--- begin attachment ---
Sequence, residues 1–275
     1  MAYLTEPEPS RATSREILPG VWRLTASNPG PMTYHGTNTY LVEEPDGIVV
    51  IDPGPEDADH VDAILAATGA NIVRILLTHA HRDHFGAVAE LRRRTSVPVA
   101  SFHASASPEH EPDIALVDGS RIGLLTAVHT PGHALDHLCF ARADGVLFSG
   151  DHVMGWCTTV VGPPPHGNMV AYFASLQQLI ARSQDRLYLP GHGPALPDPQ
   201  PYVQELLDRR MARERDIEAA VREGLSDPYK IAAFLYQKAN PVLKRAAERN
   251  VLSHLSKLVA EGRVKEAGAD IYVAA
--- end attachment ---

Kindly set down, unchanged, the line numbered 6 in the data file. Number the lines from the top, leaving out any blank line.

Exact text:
   201  PYVQELLDRR MARERDIEAA VREGLSDPYK IAAFLYQKAN PVLKRAAERN